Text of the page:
No grinding, this is a family setting. - Howard Smith-US PRESSWIRE
Inspired by Rick Brunson, the Knicks put "a-hurtin" on the Sixers in the Wells Fargo Center.
They received a pretty good beating the day before at the hands of the New York Knicks, but your Philadelphia 76ers didn't seem to think they got enough of one. On the back end of the early season home-and-home, the Sixers didn't bring any semblance of a functional offense or inspired defense. Many ill-advised forced jump shots and Knick three-pointers later, the Sixers found themselves on the wrong end of a 110-88 shellacking.
What I'm assuming was fueled by an inspiring pre-game freestyle rap straight from the dome of starting center Kwame Brown, the Sixers exploded to an early 14-4 lead. Three-pointers from both Jrue Holiday and Dorell Wright alongside early tough defense, forcing the Knicks into tough shots got the home crowd going and put some hope into Sixers fans that their team would even up the season series against the Atlantic Division rival Knicks.
After the initial spurt from the Sixers, there weren't many positives coming from the white shirts for the remainder of the game. What was once a promising start dissolved away and became a hilarious parody of the Sixers running any type of offense whatsoever. Too many times did a possession end with a horribly forced jumpshot that had less of chance going in than I have making an appearance on the new Boy Meets World spin-off.
If there was one sequence that put the proverbial icing on the cake of the Sixers' night, it had to be Nick Young's fadeaway, falling out of bounds, 3-point shot attempt with plenty of time left on the clock (10 seconds). So much time left that I'm pretty sure I could have baked a batch of banana-nut muffins from the time he touched the ball until the horn sounded (that's called an exaggeration to prove a point, folks).
The Knicks capitalized on the opportunity the Sixers gave them on that side of the floor and turned it into great execution on the other end. The Sixers were stifled with the Knicks' pick-and-roll offense and ball movement from start to finish. Point guard Raymond Felton was reminiscent of the guy who was the point guard to start the year for this same team just two seasons ago. While some will stare at the 21 points put in from Carmelo Anthony, I thought it was Felton who was the real key to the Knicks' vast success in Philadelphia.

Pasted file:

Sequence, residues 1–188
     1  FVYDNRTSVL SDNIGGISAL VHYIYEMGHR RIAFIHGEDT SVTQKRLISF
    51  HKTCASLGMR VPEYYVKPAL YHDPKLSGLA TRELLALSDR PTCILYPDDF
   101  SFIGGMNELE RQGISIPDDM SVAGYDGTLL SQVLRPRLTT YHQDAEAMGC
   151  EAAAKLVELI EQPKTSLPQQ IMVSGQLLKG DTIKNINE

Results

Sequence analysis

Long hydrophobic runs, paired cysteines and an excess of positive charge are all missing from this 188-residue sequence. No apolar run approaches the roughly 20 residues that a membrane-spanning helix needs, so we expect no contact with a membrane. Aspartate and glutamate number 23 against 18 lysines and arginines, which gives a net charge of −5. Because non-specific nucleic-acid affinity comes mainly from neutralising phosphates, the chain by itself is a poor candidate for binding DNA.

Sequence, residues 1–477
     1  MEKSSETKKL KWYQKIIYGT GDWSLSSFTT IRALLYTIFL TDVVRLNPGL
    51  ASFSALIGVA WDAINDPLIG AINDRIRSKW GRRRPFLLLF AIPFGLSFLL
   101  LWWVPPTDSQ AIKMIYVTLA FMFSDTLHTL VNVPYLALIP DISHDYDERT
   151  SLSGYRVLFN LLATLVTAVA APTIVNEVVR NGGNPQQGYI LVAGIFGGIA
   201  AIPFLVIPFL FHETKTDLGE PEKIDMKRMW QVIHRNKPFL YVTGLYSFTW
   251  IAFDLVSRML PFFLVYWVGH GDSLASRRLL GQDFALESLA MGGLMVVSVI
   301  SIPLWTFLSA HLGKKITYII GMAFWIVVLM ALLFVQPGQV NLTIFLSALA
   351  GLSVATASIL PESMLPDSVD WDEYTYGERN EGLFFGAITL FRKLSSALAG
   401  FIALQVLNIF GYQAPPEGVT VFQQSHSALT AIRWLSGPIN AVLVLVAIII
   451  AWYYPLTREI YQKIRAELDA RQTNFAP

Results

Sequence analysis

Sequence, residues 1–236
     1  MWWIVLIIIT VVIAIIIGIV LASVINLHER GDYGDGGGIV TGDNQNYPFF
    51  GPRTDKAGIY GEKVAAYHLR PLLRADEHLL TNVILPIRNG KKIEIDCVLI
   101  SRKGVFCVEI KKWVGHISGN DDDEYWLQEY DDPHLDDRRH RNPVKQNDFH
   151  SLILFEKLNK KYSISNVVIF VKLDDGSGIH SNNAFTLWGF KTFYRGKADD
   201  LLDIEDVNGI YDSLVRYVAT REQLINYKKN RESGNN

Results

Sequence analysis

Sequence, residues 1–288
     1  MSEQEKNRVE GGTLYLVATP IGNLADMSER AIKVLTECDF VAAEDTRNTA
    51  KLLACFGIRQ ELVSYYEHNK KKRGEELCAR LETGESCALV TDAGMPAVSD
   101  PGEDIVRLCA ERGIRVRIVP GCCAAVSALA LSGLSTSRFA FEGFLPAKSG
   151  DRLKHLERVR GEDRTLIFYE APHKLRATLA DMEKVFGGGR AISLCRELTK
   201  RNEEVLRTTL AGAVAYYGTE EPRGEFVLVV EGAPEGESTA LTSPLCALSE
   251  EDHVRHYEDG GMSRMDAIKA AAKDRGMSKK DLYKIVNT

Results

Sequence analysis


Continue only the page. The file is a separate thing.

If the Swaggy P shot from above was the picture of the Sixers' offensive game tonight, there was a possession in the second half involving Felton that was the perfect description of the how the Sixers played defense tonight. After a missed Knick jumpshot, four Sixers surrounded the rim, hoping for a rebound. The ball bounced off the rim and who came up with it? Why, it was the smallest man on the floor at the time in Felton that hussled (killer instinct!) his way to an offensive rebound, of which the Knicks used to hit a second chance three-pointer shortly after.
Whether it was Jrue (or really, any other wing) not getting his hand up on the open shooter or the Sixers frontline getting pushed around (at one point even getting called out by color commentator, Malik Rose for not being tough) by Tyson Chandler and company, it wasn't a pretty sight in the Wells Fargo Center for Sixer fans.
To add insult to injury, Rasheed Wallace, who has been out of the league for two years, came in firing in his hometown of Philadelphia and buried a three-pointer to end the third quarter... right in Lavoy Allen's eye. Ronnie Brewer, career 25% three-point shooter, hit three out of four attempts (his one miss in garbage time) from downtown. Off a turnover, Pablo Prigioni went on a fast break, 1-on-2, blindly threw the ball backwards and found JR Smith for a monstrous slam, of which no other Sixer ran back to defend.
This was not an example of what to send to camps on how to play an efficient game of basketball (and Fred McGriff surely would not endorse it). Through three games this season, the Sixers offense has looked lost for the majority of the time, having yet to reach 90 points. It is at times like this where I have to keep reminding myself that the Sixers don't have their best player on the floor with them yet, so I'm not going to worry too much about the ineptitude seen in yesterday and tonight's games. With many new faces (and bodies, I guess) in Sixer uniforms this year, I'd advise we still give it a little time until they can hopefully get into a rhythm.
It wasn't enjoyable. It wasn't pretty. I can't confidently say that any one Sixer played well. But remember, it's extremely early and Andrew Bynum is on the horizon, hopefully fully healthy soon.